Contrary to the free market warfare of modern capitalism, Starbucks and McDonald's are not adversaries. While each behemoth is known for ice-blended coffee drinks and rapid-fire burgers, respectively, the two companies are combining their corporate weight in the fight against a common foe: garbage. The objective of the unholy alliance is a completely recyclable hot cup to replace the standardized vessels that have carried caffeine to your face for generations.
The idea here to is to transform single-use cups from inevitable refuse to agents of the green revolution, and the two companies are soliciting help from would-be innovators to aid in the process. The Next Gen Consortium Challenge is the brainchild of investment firm Closed Loop Partners, which is calling on all manner of entrepreneurs, designers, and green-thumbs to submit their best prototypes. Closed Loop previously partnered with Starbucks for the challenge in March, and now McDonald's is stepping up to the plate, with a contribution of $5 million to give this directive legs.
Groups that submit winning ideas will gain access to a six-month "accelerator" program with funding up to $1 million based on "key milestones," which are assumedly good, sustainable things.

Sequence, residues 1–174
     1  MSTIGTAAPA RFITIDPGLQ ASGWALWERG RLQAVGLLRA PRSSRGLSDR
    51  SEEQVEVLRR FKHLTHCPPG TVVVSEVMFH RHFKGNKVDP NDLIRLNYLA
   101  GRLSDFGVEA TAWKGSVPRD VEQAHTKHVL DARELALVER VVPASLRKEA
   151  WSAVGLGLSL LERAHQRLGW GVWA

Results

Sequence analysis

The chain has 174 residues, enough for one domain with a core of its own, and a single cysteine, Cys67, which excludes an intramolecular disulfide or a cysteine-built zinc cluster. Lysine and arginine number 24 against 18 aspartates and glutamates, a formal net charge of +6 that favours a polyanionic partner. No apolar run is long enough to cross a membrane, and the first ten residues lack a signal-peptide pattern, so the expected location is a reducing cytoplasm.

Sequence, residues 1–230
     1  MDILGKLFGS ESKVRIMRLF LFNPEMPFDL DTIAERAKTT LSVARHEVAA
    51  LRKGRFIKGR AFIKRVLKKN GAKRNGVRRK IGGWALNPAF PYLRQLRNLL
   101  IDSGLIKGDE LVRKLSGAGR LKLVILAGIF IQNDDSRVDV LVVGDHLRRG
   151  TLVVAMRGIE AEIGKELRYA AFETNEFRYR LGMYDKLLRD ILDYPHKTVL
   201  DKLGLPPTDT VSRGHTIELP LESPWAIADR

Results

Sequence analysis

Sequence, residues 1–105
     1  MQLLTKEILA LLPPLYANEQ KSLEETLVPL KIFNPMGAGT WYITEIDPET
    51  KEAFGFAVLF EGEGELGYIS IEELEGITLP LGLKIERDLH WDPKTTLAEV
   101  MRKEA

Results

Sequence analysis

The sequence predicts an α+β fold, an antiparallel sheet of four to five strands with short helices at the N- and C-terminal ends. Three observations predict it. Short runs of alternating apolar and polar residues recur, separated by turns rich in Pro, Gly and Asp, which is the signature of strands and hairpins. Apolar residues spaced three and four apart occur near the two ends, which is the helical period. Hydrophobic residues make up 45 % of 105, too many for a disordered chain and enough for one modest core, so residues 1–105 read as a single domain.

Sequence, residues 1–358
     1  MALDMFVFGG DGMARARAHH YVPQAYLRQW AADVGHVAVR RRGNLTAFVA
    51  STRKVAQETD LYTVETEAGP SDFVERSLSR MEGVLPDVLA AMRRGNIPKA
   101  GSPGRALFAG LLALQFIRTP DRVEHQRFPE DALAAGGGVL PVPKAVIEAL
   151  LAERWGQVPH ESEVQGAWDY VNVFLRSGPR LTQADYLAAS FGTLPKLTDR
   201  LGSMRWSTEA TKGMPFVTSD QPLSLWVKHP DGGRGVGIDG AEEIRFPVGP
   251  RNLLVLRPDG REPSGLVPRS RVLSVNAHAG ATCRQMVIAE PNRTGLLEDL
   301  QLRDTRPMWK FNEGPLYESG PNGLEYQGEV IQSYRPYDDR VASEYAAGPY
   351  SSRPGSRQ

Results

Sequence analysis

As far as collaborating with a competitor instead of cannibalizing each other's business, McDonald's and Starbucks are first trying to eradicate what McDonald’s chief supply chain officer Marion Gross calls a "societal issue."
"In food safety, there’s no competitive advantage," she told Fast Company. "We all have to come with solutions and make sure we’re watching out for the public’s interest. This is something that we see as kind of similar. It’s a societal issue, and there’s a way that we can come together, not as competitors, but as problem solvers. We can use our collective scale to make a difference."
News of the directive comes after momentous pledges made by both brands: Starbucks announced a move earlier this month to phase out plastic straws in favor of sippy cup-like lids at its more than 28,000 locations across the globe by 2020, while McDonald's has announced an identical directive in the United Kingdom. The impetus makes sense, considering how singe-use cup consumption has spiked dramatically in recent years, to well over 110 million cups a day, according to Freedonia Group.
There's no direct timeline for when the sustainable coffee cups are primed to hit the market, although the mere idea should make the thought of floating garbage islands a little less menacing in the interim.